- Overhead presses (with the backpack)
- Backpack swings – kettle bell swings with the backpack
- Backpack rows – grab the pack by a strap, and perform a row motion
To do this, pick a time or distance interval (e.g., every mile, every 15 minutes) and a few exercises, and do 25 of each at each interval.
The result will be a great, full body workout.
8. Anyone can start (10%-20% bodyweight for 2-4 miles)
Anyone who can walk can ruck
Keep in mind that some will start lighter than others – but this means that partners and friends of varying abilities can ruck together, at the same speed, with different weights and still get an amazing workout.
If you have back, knee, or shoulder injuries, or have had any surgeries, check with your doc before rucking, just to be safe.
9. One of the most natural forms of functional fitness
From hunters 10,000 years ago carrying back a kill, to farmers in rural Asia carrying pounds of rice from their fields, there is plenty of evidence that rucking (walking with weight) has always been part of human existence. It reinforces and strengthens the abilities that we were born with and need to survive.
As much as I like rowing, I don’t think our ancestors had a rowing machine available – life and their duties (rucking among them) kept them fit for survival.
Rucking is one of the most natural and functional forms of resistance training available for you today.
10. Conditions the shoulders and back muscles at the same time
Because the weight worn during rucking loads the frame (e.g., shoulders, spine) the core, back muscles, and shoulder muscles must be continuously engaged to support and stabilize the load while your legs keep you moving forward.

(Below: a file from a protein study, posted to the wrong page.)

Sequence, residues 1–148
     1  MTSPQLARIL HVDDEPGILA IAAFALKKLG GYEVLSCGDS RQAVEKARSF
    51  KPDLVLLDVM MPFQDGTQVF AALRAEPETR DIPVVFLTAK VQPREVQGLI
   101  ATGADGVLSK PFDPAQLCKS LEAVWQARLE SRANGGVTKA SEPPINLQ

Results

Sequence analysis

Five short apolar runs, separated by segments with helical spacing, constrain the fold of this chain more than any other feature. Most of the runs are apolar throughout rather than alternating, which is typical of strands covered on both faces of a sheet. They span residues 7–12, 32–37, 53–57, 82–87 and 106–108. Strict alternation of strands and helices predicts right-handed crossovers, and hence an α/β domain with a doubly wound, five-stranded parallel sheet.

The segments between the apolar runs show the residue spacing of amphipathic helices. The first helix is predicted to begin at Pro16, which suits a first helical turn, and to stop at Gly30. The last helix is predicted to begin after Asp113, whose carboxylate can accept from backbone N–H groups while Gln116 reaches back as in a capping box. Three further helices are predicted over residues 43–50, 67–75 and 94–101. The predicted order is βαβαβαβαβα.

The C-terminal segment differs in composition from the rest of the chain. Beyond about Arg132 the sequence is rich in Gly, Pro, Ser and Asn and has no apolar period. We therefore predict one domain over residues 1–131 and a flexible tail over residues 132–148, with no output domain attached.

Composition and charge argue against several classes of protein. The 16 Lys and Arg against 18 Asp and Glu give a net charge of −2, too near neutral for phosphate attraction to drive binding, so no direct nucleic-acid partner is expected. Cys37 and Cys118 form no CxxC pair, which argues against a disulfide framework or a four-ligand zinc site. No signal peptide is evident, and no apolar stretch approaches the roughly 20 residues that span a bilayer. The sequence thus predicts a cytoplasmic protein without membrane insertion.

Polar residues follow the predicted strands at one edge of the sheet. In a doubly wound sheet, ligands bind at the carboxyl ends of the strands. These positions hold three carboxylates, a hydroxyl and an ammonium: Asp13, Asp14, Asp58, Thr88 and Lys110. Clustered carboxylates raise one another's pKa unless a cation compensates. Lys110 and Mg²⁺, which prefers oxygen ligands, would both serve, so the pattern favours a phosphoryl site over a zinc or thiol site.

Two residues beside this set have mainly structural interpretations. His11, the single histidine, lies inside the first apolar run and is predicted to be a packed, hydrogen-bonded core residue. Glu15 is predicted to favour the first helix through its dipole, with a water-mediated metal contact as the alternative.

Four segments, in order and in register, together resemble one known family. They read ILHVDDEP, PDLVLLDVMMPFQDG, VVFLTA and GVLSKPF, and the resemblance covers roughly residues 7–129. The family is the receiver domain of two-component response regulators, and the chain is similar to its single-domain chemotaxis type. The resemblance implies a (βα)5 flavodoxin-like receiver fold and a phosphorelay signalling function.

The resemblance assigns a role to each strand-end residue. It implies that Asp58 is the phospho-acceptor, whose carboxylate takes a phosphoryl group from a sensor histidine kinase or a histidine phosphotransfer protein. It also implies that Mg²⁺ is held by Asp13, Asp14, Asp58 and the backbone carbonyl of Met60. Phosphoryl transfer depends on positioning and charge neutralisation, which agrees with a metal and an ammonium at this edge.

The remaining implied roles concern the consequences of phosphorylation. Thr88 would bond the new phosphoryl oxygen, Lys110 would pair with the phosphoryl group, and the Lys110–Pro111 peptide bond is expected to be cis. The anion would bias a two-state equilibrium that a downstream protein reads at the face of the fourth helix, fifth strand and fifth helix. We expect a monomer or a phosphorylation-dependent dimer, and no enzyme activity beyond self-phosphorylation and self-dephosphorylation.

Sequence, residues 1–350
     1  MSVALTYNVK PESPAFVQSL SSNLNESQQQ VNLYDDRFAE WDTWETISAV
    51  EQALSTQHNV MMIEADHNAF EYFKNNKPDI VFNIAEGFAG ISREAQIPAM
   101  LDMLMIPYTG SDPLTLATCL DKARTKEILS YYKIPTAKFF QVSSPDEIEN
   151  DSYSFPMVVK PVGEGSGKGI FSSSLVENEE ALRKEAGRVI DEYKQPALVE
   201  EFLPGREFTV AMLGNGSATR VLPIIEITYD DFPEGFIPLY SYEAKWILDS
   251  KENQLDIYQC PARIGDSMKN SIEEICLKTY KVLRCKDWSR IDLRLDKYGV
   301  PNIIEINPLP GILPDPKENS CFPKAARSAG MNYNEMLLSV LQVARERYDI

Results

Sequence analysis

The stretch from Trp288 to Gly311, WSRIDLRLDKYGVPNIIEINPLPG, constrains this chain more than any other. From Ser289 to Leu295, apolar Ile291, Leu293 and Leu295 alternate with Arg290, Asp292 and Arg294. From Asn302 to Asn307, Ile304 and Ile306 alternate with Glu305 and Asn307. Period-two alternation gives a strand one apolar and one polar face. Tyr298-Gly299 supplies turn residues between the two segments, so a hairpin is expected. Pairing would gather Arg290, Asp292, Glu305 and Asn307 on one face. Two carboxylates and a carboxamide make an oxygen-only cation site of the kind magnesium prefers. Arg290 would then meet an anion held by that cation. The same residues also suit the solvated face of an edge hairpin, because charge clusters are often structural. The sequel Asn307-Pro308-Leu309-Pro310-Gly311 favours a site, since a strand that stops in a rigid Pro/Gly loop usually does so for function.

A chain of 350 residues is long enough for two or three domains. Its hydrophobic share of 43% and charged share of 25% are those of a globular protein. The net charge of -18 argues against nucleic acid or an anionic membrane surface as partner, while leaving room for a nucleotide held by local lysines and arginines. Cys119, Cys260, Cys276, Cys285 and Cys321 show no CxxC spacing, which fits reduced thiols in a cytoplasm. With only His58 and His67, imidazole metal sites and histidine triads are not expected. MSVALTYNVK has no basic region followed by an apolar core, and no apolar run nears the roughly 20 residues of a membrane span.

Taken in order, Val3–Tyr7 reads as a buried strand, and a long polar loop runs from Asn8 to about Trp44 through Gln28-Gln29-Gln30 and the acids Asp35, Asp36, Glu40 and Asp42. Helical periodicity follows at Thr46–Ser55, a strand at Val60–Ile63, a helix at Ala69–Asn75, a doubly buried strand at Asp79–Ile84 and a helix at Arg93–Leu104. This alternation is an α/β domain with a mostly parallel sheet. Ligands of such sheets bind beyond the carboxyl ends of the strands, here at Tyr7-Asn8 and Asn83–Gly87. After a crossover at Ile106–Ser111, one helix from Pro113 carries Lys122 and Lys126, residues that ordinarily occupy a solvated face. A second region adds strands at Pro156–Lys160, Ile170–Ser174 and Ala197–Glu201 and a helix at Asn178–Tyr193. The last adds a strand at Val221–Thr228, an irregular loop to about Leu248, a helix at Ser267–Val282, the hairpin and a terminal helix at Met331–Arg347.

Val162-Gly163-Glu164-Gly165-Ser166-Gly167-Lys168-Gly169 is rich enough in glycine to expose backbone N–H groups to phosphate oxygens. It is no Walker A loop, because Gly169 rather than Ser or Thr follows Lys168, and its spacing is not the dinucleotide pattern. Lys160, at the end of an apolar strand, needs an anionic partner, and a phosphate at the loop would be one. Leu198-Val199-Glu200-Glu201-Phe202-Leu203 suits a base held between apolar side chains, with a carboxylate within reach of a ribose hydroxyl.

This dynamic, of using your upper body to support the load results in a “strength endurance” workout, conditioning and strengthening your upper body to support heavy weights for extended periods. This kind of rugged “farmer strength” is the kind of practical, injury proofing fitness you should strive for
Keep in mind, you can use the waistbelt on your backpack to support the weight on your hips, relieving the stress on your upper body for short periods of rest while moving – but I recommend generally rucking without the waist belt to give your upper body that same, rugged conditioning as your lower body.
11. Burns 3x the calories of walking
Simple as that. The resistance from the weights, and the additional stress it puts on your legs to move and your upper body to stabilize the load, result in 3x the calories you would burn walking for the same period of time.
So, you can burn 3x the calories walking Fido, if you throw a little weight in that bag.
12. Rucking can be very social due to ease of starting through “
Rucking is something anyone can do, making it easy to invite a friend. Adjust your individual loads to ensure you’ll be rucking at about the same pace, and get after it. The conversation and connection you can have during that walk can be just as beneficial as the physical conditioning of rucking.
If no one around you is crazy enough to walk with weight, join a “ruck club” to ruck with like minded individuals.
The rise of GORUCK has resulted in plenty of groups of people that meet specifically to ruck socially, making for a healthy to connect with your community. Checkout the tool find a rucking group on GORUCK.com.